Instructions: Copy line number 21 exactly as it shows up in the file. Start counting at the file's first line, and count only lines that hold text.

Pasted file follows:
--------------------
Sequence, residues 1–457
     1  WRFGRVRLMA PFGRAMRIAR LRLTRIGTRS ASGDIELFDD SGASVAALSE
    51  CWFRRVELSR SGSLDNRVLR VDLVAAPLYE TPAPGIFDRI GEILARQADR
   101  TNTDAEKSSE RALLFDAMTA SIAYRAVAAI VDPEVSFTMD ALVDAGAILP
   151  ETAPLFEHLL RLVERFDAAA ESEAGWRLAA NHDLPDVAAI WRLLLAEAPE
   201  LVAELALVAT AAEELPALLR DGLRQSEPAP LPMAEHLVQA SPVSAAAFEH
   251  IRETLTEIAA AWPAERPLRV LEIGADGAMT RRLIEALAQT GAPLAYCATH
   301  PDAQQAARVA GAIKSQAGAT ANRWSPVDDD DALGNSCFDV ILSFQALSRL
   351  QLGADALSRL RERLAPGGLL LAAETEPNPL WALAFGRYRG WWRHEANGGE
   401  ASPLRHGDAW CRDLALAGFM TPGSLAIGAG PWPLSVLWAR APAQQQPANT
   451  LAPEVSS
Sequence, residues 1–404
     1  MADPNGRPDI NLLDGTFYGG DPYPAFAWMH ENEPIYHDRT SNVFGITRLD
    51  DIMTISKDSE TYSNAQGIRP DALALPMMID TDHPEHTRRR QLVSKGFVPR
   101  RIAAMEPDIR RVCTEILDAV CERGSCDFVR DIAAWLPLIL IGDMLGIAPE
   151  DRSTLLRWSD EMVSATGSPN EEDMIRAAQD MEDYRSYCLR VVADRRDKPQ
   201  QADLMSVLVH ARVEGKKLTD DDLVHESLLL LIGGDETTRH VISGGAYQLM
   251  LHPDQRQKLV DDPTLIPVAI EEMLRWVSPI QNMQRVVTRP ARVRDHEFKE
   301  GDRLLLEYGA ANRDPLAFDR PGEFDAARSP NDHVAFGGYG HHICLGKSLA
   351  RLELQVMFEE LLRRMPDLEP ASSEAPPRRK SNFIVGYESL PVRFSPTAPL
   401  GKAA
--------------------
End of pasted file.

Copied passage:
   401  GKAA